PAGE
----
It's 1947 and the borderlines between India and Pakistan are being drawn. A young girl bears witnesses to tragedy as her ayah is caught between the love of two men and the rising tide of political and religious violence.
The lives of four people intersect in Mumbai: a washer-man who wants to become an actor, a banker-turned-photographer, a painter looking for inspiration, and a newly-married immigrant who journals her experiences on home video.
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Bhushan Chaudhry (Shafi Inamdar) and Mr. Agarwal (Tiku Talsania) are business rivals, and hate each other. Their children, Rajesh Chaudhry (Aamir Khan) and Asha Agarwal (Juhi Chawla) study ... See full summary »
When Commando Amar Damjee bravely saves the life of Chief Minister Vishwasrao Chowdhury by single-handily killing the criminals who attacked him; the Minister decides to entrust the task of... See full summary »
Anita (Madhuri Dixit) is a model, and Ajay Sharma is a photographer, both work for the same agency. Ajay has fallen in love with Anita, and thinks that she is also in love with him. But ... See full summary »
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Animosity has existed between the families of Raj and Nikita's respective fathers. But their children have grown up without any knowledge of this animosity. They meet in college, and after ... See full summary »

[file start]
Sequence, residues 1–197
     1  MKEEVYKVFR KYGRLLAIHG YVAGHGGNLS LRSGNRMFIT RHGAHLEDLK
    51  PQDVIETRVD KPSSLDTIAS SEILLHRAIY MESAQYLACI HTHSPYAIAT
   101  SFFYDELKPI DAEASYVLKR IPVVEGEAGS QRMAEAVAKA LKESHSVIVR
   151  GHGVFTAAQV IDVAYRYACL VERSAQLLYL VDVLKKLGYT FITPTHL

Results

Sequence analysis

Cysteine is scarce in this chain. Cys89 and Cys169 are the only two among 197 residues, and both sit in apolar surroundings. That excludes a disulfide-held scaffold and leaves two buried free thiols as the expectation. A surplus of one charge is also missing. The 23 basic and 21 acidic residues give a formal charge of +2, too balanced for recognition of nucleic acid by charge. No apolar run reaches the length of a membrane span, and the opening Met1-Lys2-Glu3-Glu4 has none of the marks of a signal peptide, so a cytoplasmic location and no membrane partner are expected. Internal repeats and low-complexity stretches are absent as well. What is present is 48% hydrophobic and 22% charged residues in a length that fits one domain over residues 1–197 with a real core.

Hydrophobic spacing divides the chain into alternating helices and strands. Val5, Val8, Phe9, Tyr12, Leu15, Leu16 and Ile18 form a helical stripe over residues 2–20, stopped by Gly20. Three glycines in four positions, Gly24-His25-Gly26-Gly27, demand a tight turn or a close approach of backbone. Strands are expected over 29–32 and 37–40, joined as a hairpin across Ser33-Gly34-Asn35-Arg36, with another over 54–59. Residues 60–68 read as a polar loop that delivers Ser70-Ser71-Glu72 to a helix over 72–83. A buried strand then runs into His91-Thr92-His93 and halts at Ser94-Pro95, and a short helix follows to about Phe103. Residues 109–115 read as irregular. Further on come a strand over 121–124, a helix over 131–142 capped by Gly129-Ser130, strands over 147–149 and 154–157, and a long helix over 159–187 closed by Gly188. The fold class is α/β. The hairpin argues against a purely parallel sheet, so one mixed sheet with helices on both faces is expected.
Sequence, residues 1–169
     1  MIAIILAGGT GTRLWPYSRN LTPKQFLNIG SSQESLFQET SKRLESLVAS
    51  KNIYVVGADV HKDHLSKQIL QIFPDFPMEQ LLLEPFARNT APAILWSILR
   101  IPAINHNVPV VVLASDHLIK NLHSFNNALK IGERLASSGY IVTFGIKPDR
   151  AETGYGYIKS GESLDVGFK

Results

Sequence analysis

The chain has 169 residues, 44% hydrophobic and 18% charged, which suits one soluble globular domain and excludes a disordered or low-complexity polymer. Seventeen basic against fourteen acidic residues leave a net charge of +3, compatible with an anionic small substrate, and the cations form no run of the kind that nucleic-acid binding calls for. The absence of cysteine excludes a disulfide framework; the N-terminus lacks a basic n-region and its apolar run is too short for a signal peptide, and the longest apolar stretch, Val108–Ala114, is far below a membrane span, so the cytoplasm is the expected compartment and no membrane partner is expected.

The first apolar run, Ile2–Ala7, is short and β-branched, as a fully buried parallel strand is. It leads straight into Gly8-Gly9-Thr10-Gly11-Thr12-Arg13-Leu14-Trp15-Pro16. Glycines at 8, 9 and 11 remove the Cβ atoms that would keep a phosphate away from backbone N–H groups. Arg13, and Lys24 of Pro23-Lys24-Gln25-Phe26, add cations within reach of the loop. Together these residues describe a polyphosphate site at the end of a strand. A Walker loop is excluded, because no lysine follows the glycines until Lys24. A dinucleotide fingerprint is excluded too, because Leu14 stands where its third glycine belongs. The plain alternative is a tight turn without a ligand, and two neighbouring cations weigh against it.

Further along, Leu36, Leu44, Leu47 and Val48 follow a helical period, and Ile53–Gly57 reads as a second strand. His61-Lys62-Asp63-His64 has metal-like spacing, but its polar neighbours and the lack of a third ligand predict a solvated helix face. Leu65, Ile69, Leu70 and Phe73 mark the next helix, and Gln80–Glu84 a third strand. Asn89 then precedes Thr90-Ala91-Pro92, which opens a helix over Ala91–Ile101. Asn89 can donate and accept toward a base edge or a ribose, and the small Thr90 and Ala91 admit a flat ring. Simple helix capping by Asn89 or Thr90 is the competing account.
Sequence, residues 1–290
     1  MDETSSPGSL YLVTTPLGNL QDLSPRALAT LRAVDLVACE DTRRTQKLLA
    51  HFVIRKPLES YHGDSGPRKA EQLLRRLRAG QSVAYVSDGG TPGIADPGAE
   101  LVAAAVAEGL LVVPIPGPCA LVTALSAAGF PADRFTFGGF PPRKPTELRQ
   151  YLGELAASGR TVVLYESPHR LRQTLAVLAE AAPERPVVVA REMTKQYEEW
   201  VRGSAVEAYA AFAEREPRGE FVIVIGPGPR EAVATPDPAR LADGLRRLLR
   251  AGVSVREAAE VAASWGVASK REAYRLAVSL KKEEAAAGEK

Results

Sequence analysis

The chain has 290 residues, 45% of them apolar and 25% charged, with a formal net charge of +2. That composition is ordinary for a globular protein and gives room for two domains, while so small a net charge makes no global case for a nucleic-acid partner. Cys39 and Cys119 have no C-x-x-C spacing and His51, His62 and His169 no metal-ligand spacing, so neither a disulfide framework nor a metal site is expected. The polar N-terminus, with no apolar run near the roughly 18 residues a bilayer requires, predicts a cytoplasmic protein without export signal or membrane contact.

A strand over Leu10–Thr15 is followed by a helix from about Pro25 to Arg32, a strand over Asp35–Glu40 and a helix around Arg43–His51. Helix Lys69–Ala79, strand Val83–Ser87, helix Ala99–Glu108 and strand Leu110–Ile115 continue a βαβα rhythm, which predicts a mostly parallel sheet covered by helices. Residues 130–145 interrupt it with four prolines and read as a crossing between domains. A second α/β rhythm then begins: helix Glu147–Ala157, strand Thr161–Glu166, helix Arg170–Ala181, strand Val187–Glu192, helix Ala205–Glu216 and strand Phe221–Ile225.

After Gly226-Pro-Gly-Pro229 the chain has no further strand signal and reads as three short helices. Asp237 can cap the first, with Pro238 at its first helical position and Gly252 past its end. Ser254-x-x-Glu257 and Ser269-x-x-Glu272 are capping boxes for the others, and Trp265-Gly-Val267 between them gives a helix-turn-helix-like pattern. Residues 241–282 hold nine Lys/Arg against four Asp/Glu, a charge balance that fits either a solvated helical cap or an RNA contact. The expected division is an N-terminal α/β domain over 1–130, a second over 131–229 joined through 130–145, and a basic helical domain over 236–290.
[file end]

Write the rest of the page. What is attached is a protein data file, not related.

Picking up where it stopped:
In a remote region in India there has been a tradition of settling differences by fighting a duel with pistols with only one bullet in each of them. Such was the duel fought by Shankar and ... See full summary »
Shashi, Akbar and a group of young people pledge never to give nor receive dowry. Acting against his mother's wishes, Shashi marries Sugandha Srivastav, and does not accept any dowry. He ... See full summary »
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Amit, the son of a taxi driver, and Reema, a rich business man's daughter, fall in love. However Reema's father wants to marry her to Vicky, who's father is the biggest gangster in Mumbai. How will their love triumph?
The movie opens in Lahore of 1947 before India and Pakistan became independent. It is a cosmopolitan city, depicted by the coterie of working class friends who are from different religions. The rest of the movie chronicles the fate of this group and the maddening religious that sweeps even this city as the partition of the two countries is decided and Lahore is given to Pakistan. Written by
Neel V Kumar <email@example.com>
See it. Watch for the symbolism. Watch out for the critics' cynicism.
Go see this film. It is wonderful. But it is not for everyone.
Most of the comments here on IMDb are positive and I agree with these reviews. However, for me the cynicism of the critics was unfounded because I was not expecting the usual Hollywood movie. If you cannot relate to this film in a positive way then I suppose that you have not traveled much and have not lived in other cultures, at least not in Asia. This is not an American film made for an American audience.